The Adult Resource Centre (ARC) entrance off of the Alaska Highway near the Erik Nielson airport in Whitehorse on Feb. 4. The Salvation Army will be closing ARC to make room for upcoming upgrades to the Alaska Highway in Hillcrest, possibly as soon as March 31. (Crystal Schick/Yukon News)

Updated: More info on plans for ARC closure needed, say Yukon opposition parties, lawyer

“It’s a flummoxing kind of situation, quite frankly”

Members of the Yukon’s political opposition parties and legal community say they’re concerned about the upcoming closure of the Salvation Army’s Adult Resource Centre (ARC), the only “halfway house” for men in the territory.

In separate interviews Feb. 6, Yukon Party House Leader Scott Kent and Yukon NDP MLA and justice critic Liz Hanson said the news that the ARC would be permanently closing in the spring caught them by surprise.

The News first reported on Feb. 5 that the Salvation Army is tentatively planning on shuttering the 18-bed facility on March 31, with discussions underway to possibly extend the date to the end of April.

The decision, a spokesperson told the News, was triggered by the Yukon government’s expansion and safety improvement plans for a stretch of the Alaska Highway running from the Carcross cut-off to the North Klondike Highway, including in the Hillcrest area.

Department of Justice spokesperson Fiona Azizaj previously said in an email that the Salvation Army had informed the Yukon government of its plan to shutter the ARC in late December.

Kent said that based on previous public meetings and documents, he was under the impression that construction on the Hillcrest portion of the plan would not begin for another two years, and it was “disappointing” to learn that the ARC would be closing this spring.

He said it was concerning that the Yukon government has not shared what plans it has to ensure services and programming are continued after the ARC’s closure.

“That’s a bit of a trend with this government where they make decisions without plans,” Kent said. “I mean, you just have to look at the closing of central stores or the downsizing of Queen’s Printer or what happened to the Centre of Hope or even more recently the housing first (project) … These are all questions that we’ll be exploring when the house comes back in a month.”

Hanson had similar criticisms, decrying what she said she thought reflected a lack of internal coordination on key files.

“It’s a flummoxing kind of situation, quite frankly … I would think (they would plan for) something as significant as this, given all the shit that they’ve gone through with the Salvation Army and the Centre of Hope and God knows what’s going on with the housing first place over on Fifth and Wood,” Hanson said.

“I mean, it’s time that they actually demonstrate they know how to coordinate and communicate in between departments. And ministers are ultimately accountable, but they have senior officials who are paid a heck of a lot of money to do this work.”

In a written statement provided by operations manager Shannon Rhames on Feb. 7, the Yukon Legal Services Society, also known as Legal Aid, said the closure of the ARC “is of great concern to us as we rely on it to house some of our most vulnerable clients, many of whom suffer from homelessness, poverty, trauma, victimization, and disabilities such as FASD.”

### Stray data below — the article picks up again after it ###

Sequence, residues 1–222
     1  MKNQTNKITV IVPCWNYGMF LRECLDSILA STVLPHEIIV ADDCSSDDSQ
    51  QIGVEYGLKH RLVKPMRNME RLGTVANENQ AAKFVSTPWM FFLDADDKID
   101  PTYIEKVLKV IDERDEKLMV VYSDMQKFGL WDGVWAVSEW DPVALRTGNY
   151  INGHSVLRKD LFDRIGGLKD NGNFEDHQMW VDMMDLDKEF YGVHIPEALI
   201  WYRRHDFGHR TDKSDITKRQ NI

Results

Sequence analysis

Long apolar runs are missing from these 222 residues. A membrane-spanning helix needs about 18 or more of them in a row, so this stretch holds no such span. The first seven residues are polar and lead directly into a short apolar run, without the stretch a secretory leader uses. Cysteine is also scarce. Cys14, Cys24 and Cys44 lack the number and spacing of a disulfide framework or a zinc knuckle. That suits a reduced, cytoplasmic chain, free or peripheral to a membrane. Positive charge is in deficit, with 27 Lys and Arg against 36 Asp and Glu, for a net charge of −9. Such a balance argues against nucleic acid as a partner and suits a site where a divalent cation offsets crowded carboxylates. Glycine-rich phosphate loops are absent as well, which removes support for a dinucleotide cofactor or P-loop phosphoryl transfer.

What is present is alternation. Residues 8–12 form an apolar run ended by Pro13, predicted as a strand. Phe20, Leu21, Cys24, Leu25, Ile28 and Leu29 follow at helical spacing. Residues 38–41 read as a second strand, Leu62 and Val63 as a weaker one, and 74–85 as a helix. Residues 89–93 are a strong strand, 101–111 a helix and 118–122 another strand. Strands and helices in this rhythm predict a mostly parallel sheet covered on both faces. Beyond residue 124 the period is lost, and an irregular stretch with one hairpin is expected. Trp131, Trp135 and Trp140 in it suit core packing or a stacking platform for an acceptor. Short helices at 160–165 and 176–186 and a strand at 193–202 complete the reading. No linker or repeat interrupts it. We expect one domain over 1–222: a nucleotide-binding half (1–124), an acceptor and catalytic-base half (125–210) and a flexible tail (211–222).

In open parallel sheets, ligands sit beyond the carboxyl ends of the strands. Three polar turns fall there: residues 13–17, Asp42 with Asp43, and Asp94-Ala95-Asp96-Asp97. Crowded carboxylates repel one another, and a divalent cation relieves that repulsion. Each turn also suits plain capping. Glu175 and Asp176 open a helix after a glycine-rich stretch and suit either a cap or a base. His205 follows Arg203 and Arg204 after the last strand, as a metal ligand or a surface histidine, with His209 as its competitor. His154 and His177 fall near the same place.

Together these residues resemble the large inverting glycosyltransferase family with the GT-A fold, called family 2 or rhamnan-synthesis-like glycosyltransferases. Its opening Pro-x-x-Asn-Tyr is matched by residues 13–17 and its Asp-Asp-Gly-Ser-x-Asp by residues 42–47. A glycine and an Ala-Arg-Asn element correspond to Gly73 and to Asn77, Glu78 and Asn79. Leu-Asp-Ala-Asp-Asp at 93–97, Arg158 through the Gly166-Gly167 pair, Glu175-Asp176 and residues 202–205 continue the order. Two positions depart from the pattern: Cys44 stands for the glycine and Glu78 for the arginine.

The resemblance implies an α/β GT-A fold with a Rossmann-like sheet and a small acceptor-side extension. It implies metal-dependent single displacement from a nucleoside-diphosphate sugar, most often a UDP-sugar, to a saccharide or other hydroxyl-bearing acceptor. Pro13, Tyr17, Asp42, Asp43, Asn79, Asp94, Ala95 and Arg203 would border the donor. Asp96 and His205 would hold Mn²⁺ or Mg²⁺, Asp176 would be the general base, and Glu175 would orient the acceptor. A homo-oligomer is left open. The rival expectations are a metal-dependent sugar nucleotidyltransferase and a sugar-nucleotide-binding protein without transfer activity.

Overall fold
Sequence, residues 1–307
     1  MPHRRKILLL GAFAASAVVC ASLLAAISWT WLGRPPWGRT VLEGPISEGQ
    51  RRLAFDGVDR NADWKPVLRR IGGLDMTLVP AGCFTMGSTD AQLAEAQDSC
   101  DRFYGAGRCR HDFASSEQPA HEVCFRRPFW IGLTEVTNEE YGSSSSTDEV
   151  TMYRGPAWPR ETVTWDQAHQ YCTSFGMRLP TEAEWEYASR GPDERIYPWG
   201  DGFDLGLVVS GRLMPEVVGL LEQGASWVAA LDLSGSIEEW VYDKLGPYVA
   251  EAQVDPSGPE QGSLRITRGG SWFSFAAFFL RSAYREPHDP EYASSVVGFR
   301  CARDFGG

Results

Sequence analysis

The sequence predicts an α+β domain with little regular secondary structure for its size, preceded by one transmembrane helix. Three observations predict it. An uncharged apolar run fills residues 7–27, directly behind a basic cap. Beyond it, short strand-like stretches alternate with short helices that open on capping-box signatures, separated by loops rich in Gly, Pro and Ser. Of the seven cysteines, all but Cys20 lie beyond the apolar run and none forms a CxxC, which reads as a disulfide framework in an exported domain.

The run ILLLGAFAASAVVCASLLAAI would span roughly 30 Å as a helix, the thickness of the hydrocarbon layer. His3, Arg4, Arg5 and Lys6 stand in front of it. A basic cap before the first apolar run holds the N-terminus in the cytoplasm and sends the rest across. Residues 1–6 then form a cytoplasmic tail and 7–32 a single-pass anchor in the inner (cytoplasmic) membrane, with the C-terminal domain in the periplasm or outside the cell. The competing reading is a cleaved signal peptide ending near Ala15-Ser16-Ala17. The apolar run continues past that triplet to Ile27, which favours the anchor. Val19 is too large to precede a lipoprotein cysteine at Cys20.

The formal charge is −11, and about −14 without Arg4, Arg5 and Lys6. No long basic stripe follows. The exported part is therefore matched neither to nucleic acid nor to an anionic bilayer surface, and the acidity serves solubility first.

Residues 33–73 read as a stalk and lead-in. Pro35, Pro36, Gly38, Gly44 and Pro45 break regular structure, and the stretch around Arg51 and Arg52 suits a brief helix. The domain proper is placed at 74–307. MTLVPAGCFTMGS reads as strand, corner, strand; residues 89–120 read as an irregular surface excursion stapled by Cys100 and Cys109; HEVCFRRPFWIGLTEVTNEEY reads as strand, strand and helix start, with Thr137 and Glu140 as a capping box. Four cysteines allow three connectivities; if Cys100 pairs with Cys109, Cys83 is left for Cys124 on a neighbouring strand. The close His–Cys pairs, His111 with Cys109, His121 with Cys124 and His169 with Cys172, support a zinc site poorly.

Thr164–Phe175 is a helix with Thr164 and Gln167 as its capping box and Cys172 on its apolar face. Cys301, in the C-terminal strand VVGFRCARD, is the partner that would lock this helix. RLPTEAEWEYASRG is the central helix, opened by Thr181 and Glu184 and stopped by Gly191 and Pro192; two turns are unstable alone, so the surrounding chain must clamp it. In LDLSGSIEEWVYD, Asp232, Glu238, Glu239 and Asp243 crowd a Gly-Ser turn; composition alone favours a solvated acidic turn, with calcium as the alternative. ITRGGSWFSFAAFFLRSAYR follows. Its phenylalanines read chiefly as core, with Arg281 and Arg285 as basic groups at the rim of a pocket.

“While we have had long standing concerns about the quality of the facility, we recognize the fact that it provided beds for men in need of rehabilitation,” the statement says. “It also provided a safe, secure housing option which addressed important public safety concerns. Already we have a historical and current problem with the gross overrepresentation of Indigenous Yukoners at the jail and this closure will further exacerbate the problem, unless more alternative housing is provided.”

It added that it was encouraged by the Yukon government’s efforts with the community wellness court — a therapeutic court that help create long-term wellness plans for people with addictions, mental health issues or intellectual disabilities who have been charged, generally, with non-violent crimes — and is “(looking) forward to hearing more about their plans for more housing alternatives, for both women and men in need.”

Vancouver-based prison and criminal defence lawyer Bibhas Vaze, who also practices in the Yukon, said in an interview Feb. 6 that the lack of information on what resources will be available after the ARC’s closure was troubling.

Although not a large facility — it has a capacity of 18 beds — and not always full, the ARC is nonetheless the only halfway house Vaze said he was aware of in the Yukon, and therefore critical to the release plans for convicted or accused men.

“In my view, (the Department of Justice) have a responsibility to ensure that offenders have a chance to reintegrate into society and also have a chance to have their liberty interests met and if they’re not putting any kind of contingency plan in place … then they’re really doing potential harm to the prisoners,” he said.

“I do want to emphasize … we are supposed to be looking towards a community-integration and rehabilitative model in corrections these days and when you start doing things like closing halfway houses, you really are not meeting those stated goals because it does take away from the potential for their reintegration and rehabilitation.”

The Department of Justice ignored a request for an interview on what options it’s looking at to ensure a continuity in services and programming once the ARC closes. Instead, Azizaj provided a two-sentence statement Feb. 6 saying the department “recognize(s) this program is extremely important.”

“We are working diligently on this file and will share more information when details are finalized,” the statement concludes.

Contact Jackie Hong at jackie.hong@yukon-news.com

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